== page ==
The Summer Issue of Educational Leadership is entirely free online:
How to Be an Original Educator Marge Scherer Dare to Go First Shanna Peeples Small changes or large, someone must begin. The author asks, Why not you? Facing Resistance? Try a New Hat Bryan Goodwin You've heard of walking in others' shoes. Here's the research on why leaders need to get inside the heads of those they lead. The Power of Positive Regard Jeffrey Benson Simple, unearned acceptance is what every student yearns for. What It Takes to Get a Policymaker's Attention Celine Coggins Advocacy goes wrong or right depending on how you make your case. Snapshots: Teachers of the Year Naomi Thiers, Kim Greene, Laura Varlas and Deborah Perkins-Gough The 2016 National Teacher of the Year and three finalists tell what matters to them as teachers. How They Lead Kim Greene The WoLakota Project is just one of many that have sprung from the Teach to Lead pipeline. The Grow-Your-Own Imperative Dan Brown How the profession can encourage promising young recruits. The Many Roles of an Instructional Coach Heather Wolpert-Gawron From mentoring to publicizing, the instructional coach helps shape the school landscape. What Educators Need to Know about ESSA Maddie Fennell The new law offers new opportunities for teacher-led change. The Tug of War Between Change and Resistance Michael Murphy To help colleagues embrace a new idea, begin by studying the many origins of resistance. Project-Based Learning: 7 Ways to Make It Work Alison Zuniga and Thomas M. Cooper How one school addressed roadblocks and sustained its innovation. Hot Spots on the Bus … And Other Ways to Increase Digital Access Dale Ellis, Jeff James and April Daywalt A rural district charts a way to close the digital divide. Going to the Mat Michael Croy A principal finds that yoga changes both the attitudes and behaviors of students. EL Asks ASCD Emerging Leaders What's Been Satisfying about Being a Change Agent?
Karen Ritter, an assistant principal at a high school just outside of Chicago, wanted to see her school through a student’s eyes. So she decided to follow 9th grader Alan Garcia, who came to her asking to be switched out of the many remedial classes in which he is enrolled, hoping to get a clear view of his experience in the classroom. Special correspondent John Tulenko of Education Week reports.
Whether you have the resources to travel internationally or just take a short trip, traveling can be enriching both personally and professionally for educators. Watch the videos in VideoAmy's playlist for some ideas!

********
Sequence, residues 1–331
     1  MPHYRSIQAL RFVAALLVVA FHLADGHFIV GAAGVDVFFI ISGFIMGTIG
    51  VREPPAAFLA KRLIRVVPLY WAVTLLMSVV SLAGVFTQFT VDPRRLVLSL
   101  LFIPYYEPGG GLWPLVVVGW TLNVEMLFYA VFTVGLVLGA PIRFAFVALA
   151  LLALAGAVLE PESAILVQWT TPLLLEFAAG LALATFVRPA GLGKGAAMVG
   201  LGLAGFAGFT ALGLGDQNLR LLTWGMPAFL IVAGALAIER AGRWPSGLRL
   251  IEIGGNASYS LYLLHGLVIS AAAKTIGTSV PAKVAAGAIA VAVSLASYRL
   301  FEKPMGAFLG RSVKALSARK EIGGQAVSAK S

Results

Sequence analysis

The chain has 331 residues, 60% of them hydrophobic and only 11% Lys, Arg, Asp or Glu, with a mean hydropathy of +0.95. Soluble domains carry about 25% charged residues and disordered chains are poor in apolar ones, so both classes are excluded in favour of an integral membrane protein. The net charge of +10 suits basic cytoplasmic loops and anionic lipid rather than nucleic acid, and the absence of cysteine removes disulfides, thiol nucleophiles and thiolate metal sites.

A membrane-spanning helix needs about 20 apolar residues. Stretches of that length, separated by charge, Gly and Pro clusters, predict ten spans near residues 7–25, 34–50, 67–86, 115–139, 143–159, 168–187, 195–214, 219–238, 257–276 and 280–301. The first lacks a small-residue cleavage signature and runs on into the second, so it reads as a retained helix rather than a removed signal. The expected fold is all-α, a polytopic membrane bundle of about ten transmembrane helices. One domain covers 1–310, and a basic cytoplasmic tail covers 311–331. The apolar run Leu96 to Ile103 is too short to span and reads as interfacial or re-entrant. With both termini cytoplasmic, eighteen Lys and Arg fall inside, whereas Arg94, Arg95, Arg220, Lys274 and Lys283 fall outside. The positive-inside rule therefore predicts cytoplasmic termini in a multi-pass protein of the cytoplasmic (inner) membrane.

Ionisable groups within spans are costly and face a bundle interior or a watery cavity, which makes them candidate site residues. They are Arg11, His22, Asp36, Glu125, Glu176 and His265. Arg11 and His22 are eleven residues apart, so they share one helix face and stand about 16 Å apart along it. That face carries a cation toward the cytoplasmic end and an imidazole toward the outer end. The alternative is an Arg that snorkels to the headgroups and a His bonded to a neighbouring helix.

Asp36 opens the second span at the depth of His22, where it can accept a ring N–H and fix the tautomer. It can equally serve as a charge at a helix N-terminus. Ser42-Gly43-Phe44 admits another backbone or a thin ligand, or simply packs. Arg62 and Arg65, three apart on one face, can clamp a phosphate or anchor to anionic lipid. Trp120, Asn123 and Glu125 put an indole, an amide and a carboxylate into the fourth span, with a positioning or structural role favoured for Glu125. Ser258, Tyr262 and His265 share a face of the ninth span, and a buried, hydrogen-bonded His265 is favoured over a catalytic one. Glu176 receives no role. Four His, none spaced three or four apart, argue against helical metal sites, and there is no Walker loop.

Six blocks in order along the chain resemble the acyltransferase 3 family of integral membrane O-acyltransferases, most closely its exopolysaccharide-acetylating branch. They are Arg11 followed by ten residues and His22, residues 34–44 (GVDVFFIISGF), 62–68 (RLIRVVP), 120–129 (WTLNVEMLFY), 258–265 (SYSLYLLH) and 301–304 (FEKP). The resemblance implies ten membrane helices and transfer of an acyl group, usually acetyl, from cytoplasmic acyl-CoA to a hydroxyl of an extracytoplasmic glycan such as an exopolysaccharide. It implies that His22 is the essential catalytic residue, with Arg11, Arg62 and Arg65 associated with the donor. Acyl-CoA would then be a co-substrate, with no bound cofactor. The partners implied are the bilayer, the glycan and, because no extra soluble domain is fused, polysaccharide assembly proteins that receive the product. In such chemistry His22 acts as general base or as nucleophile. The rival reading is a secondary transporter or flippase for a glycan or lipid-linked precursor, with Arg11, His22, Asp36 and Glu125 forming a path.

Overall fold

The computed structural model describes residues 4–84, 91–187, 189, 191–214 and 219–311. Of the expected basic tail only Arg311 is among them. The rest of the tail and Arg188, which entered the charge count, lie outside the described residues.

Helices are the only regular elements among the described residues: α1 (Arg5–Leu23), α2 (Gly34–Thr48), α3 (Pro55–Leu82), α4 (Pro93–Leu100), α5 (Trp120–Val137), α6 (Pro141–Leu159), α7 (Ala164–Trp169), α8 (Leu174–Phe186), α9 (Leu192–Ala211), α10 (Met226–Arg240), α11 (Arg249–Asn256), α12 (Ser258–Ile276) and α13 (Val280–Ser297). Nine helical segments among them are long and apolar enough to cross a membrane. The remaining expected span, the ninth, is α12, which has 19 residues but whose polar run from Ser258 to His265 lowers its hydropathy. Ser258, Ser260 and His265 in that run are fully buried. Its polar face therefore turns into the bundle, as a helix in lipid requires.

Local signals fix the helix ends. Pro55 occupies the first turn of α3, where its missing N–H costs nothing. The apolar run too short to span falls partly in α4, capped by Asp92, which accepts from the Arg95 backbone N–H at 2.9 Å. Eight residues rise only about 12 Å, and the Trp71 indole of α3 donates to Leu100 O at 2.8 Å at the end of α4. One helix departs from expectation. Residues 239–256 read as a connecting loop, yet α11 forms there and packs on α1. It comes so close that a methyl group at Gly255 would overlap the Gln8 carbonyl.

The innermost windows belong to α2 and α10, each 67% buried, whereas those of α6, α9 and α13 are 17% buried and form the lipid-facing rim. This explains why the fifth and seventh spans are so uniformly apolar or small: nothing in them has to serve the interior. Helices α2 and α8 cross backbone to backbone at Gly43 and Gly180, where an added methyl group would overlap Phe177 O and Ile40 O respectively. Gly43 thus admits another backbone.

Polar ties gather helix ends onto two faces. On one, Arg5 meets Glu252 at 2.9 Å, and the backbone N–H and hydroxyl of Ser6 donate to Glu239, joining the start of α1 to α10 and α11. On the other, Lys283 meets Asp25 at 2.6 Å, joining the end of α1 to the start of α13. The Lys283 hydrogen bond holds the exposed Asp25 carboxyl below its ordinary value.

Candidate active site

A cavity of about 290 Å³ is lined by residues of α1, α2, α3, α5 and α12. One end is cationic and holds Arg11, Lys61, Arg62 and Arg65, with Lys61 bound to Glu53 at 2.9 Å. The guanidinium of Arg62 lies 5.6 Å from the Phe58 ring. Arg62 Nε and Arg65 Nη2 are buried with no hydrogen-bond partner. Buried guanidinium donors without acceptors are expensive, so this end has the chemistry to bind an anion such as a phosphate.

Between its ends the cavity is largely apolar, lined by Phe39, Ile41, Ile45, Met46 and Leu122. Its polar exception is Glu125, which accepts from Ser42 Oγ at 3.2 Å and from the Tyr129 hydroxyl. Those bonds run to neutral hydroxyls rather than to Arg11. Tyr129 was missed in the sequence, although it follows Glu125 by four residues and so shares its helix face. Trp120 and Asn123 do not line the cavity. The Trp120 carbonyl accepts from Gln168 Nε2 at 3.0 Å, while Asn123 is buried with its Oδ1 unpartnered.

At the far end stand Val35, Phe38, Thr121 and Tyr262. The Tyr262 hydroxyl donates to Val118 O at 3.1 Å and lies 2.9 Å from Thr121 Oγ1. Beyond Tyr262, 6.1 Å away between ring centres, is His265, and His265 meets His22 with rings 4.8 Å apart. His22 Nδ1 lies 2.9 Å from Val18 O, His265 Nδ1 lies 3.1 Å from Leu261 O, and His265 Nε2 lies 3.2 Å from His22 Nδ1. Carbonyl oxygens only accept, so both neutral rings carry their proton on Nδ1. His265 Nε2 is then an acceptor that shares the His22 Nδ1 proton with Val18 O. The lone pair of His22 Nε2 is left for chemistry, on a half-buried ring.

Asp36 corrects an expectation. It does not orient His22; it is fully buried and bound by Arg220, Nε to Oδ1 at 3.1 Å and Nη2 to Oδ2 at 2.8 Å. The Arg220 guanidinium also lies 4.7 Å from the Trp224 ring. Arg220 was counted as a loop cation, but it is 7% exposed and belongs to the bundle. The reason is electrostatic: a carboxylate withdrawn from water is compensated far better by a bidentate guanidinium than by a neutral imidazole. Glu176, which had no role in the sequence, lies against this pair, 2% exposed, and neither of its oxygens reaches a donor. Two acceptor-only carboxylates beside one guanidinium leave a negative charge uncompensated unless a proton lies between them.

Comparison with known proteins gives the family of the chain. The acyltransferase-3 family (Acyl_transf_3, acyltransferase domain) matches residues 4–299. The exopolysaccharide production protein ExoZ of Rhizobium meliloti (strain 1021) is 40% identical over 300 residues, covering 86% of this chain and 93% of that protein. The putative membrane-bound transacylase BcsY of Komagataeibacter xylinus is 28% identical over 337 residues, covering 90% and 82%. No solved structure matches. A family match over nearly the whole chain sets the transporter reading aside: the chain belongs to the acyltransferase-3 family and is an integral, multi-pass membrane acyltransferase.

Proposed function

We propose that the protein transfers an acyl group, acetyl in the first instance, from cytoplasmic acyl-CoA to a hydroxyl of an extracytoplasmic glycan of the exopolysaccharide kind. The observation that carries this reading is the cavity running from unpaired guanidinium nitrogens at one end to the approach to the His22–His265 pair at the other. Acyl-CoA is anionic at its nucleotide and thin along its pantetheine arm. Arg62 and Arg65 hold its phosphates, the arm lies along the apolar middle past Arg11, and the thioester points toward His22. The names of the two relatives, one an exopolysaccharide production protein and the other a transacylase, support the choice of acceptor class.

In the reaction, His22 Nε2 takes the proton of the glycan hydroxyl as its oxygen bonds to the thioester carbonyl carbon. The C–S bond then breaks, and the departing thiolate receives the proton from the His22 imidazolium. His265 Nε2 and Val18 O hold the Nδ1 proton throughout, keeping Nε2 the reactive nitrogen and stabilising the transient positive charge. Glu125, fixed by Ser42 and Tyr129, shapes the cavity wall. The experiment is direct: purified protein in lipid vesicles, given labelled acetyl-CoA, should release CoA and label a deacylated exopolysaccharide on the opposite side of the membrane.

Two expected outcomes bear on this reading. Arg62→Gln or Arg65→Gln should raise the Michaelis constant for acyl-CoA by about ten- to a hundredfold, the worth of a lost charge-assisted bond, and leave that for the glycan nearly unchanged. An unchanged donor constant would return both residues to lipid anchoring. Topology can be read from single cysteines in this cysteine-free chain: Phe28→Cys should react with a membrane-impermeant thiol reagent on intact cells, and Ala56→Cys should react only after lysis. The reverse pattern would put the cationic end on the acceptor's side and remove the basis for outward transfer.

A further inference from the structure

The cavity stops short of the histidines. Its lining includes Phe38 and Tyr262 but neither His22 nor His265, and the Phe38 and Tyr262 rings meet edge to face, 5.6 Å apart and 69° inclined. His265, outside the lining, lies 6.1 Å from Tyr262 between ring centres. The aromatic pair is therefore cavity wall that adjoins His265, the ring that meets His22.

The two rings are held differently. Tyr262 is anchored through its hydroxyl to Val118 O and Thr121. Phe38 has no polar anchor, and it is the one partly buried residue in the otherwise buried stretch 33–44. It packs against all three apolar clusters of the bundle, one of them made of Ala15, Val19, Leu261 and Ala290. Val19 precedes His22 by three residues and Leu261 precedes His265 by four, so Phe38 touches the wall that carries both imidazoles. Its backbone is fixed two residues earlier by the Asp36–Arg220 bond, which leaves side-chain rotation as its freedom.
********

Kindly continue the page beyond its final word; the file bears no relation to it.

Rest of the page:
As the argument goes and studies prove, children of all backgrounds benefit from diversified classrooms and schools where they can interact with peers of different races and ethnicities. Teaching Tolerance, an educational project of the Southern Poverty Law Center, concluded in a comprehensive review of research on racial and ethnic diversity in schools that “a racially integrated student body is necessary to obtain cross-racial understanding, which may lead to a reduction of harmful stereotypes and bias.” But access to diversity is only the first step, not the destination, said Cappella, noting that the study points to the need for teachers to create classrooms where interracial friendships can develop and grow.
"When I found out that James Tanton—an Australian who serves as the Mathematical Association of America’s mathematician at large, and a proponent for Common Core—wanted to debate Hacker last month at the National Museum of Mathematics in New York, I had to watch. But as I watched, I had a sinking feeling: It was clear that neither of these men had ever had the experience of being told, either directly or indirectly, that math was not for them. And I realized that, by not being told this, they had never felt compelled to steer clear of math and numbers-heavy careers, even if high-school math wasn’t fun for them either."
Educators put a lot of stock in, well, education. According to an infographic from Samsung Electronics America and market research giant GfK, 91 percent of teachers believe their success in the classroom depends heavily on having access to technology training. Unfortunately, 60 percent of teachers don’t feel adequately prepared to integrate technology into their lessons.
"The first nationwide study to ask high school students about their sexuality found that gay, lesbian and bisexual teenagers were at far greater risk for depression, bullying and many types of violence than their straight peers."
An early look at figures from the 2016 Advanced Placement tests shows continued growth in test-taking in subjects such as physics and computer science, and a trend of increasing scores in a number of fast-growing subjects.
Virtual charter schools can give students who are falling behind in traditional schools a chance to find success in an alternative learning environment. But can virtual charter schools fully replace the traditional face-to-face school experience?
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